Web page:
Explicit link

Impact: Major

Users mainly impacted: Blind, severely visually impaired, visually impaired, motor impaired.

RGAA criteria: Criterion 6.1


A link allows you to navigate between the pages of a site or to link to another site. A link is defined by two important elements:

  • its link text, the text visible and clickable by users;
  • its context

For a link to be explicit, it is necessary that the link text and/or the link context make it possible to understand its function and destination.

A link must be explicit by itself (its link text alone) or through its context :

By itself (accessible name)

What is an accessible name?

The accessible name is the name of an interface element (link, button, form field…) returned to assistive technologies and therefore to the user. It can be composed of several elements such as the visible text of the interactive element but also other non-visible texts (aria-label, aria-labeledby, title) that belong to the interactive element or its children (alt, sr-only).

The accessible name is determined according to a specific order.

In the case of an HTML link, the accessible name is provided in the following order.

  • The content related to the aria-labelledby attribute.
  • Otherwise, the content of the aria-label attribute.
  • Otherwise, the content of the title attribute.
  • Otherwise, the content of an <a> element (text, alt…).

For example, for an aria-label attribute and link content, it is the content of the aria-label attribute that is considered the accessible name.

As some properties override others, it is necessary to ensure that the entire content is rendered in the accessible name.

In the exemple below the aria-label attribute takes priority over the content of the link. The content of the link “Weather” must be filled in the aria-label attribute.


<a href="#" aria-label="Weather Cloud and rain">
    <span class="text">Weather:</span>
    <span class="fas fa-cloud-rain" aria-hidden="true" title="Cloud and rain"></span>

About the title attribute


The purpose of the title attribute is to provide additional information to clarify or describe more precisely the purpose of a link.
If the additional information is important to the user as a warning then it must be provided in the link text. In addition, due to the possible configuration of technical assistance to force the restitution of the accessible name from the content of the title attribute to the detriment of the accessible name, its value must at least include the accessible name of the link.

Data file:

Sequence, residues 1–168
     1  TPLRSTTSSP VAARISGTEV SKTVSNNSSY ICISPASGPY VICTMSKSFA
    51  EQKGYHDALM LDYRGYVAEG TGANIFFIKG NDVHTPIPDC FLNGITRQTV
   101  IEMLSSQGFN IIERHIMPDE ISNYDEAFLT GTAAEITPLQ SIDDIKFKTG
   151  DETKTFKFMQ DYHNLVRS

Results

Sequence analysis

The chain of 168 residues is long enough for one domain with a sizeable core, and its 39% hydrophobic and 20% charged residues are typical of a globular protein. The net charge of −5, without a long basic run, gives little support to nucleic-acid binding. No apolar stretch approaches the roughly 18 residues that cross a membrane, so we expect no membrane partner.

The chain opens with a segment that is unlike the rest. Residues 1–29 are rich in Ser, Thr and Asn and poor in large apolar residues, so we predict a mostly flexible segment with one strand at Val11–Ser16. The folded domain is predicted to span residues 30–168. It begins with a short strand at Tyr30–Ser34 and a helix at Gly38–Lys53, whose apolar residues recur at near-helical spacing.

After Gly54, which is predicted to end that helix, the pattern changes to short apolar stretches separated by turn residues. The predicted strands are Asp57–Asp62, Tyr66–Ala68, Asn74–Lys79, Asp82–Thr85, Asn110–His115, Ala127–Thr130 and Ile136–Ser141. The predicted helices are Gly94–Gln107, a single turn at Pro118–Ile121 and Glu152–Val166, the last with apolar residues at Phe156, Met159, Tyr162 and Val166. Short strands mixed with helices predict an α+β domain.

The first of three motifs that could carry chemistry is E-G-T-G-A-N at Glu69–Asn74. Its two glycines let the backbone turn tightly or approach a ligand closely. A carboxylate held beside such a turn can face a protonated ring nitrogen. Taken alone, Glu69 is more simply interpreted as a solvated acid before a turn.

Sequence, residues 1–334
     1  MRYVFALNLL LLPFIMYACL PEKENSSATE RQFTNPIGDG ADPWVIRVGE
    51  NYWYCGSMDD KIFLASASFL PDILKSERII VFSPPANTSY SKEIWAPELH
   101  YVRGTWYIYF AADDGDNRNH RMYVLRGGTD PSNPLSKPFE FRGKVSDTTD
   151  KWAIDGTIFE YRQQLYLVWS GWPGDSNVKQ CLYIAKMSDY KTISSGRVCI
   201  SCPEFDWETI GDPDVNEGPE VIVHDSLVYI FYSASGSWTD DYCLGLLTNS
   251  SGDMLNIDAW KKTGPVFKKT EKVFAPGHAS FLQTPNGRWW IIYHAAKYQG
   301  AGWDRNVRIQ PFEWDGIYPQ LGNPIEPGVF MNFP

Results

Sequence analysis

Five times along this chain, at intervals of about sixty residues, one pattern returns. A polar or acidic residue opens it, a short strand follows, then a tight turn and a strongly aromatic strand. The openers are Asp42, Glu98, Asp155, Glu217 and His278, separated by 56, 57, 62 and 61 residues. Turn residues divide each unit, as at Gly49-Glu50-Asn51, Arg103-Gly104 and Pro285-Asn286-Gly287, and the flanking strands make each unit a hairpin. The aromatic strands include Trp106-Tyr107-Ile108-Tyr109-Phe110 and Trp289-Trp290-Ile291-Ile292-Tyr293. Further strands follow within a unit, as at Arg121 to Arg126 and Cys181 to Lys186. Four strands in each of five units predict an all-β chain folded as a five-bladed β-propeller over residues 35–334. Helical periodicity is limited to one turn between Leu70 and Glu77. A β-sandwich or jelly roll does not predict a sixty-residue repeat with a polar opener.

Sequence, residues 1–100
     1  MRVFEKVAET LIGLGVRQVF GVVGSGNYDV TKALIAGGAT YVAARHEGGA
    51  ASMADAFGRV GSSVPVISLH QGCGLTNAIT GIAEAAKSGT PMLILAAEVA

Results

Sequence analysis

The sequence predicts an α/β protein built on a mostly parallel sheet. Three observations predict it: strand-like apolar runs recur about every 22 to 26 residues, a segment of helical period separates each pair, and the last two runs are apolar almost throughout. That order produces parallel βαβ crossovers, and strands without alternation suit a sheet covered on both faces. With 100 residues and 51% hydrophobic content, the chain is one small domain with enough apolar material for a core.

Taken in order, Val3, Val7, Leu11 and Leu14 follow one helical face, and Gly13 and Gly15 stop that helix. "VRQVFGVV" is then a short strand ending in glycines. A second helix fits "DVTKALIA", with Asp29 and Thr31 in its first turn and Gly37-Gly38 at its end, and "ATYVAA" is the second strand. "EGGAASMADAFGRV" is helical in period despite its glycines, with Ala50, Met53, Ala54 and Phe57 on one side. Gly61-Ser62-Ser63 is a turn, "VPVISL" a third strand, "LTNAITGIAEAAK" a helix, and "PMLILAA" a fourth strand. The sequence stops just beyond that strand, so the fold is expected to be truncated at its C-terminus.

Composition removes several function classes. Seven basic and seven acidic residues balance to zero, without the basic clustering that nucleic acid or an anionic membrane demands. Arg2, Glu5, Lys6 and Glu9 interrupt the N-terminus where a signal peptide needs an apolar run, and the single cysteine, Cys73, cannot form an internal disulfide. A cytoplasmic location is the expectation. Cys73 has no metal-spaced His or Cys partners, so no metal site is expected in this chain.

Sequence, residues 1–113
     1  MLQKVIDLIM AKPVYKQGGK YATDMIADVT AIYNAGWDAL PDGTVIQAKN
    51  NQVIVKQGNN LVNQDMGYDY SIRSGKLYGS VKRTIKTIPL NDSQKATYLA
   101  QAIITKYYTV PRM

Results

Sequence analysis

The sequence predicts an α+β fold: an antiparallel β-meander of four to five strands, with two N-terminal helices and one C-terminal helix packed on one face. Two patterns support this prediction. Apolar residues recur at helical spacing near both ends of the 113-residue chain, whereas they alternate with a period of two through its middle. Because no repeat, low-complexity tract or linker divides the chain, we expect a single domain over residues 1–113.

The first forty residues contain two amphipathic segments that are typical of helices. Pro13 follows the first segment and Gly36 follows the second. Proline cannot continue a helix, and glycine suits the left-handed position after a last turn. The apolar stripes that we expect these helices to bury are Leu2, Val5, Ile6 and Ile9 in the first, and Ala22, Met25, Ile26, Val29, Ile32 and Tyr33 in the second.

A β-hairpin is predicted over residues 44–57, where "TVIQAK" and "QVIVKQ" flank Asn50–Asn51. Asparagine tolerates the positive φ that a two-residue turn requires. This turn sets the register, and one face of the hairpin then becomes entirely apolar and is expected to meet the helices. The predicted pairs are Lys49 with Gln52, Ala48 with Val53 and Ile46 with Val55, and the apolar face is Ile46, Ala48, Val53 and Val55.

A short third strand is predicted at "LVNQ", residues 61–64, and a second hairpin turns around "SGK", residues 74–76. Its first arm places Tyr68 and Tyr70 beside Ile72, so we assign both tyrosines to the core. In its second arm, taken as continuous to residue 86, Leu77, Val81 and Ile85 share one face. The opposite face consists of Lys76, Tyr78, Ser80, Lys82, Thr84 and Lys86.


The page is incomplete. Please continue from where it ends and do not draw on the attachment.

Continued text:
The title attribute is not a robust way to create an explicit link, it cannot be considered as visual information. On a touchscreen devices, for example, the tooltip is not visible. When element receive the focus, the title attribute is not displayed.

By itself, added by its context

It is always better to have explicit links out of context, i.e. understandable by themselves. Indeed, screen reader users are used to navigating from title to title, from iframe to iframe or from link to link and in this case they do not have the context. However, it is not always possible to make explicit links out of context, in which case it is necessary to ensure that the context makes the link explicit. To make an explicit link, it is necessary to understand its function (the nature of the link) and its destination. A link that is not explicit without its context can be of the type:

In these different cases, you have to make sure that the context allows you to understand the meaning. The context is defined as follows:

  • The content of the sentence enclosing the link;
  • The content of the paragraph (p tag) containing the link;
  • The content of the list item (li tag), or the content of a parent list item (li tag) of the list item, containing the link;
  • The content of the heading (hx tags) that is the closest ascendant of the link;
  • The content of the table header cell(s) (th tags) associated with the table data cell (td tag) containing the link;
  • The content of the table data cell (td tag) containing the link;

In the case of a link on an image, the text of the link is the image’s alternative. This alternative must indicate the function and destination and not the description of the image.

<a href="https://www.gov.uk">
    <img src="govuk.png" alt="gov.uk home page">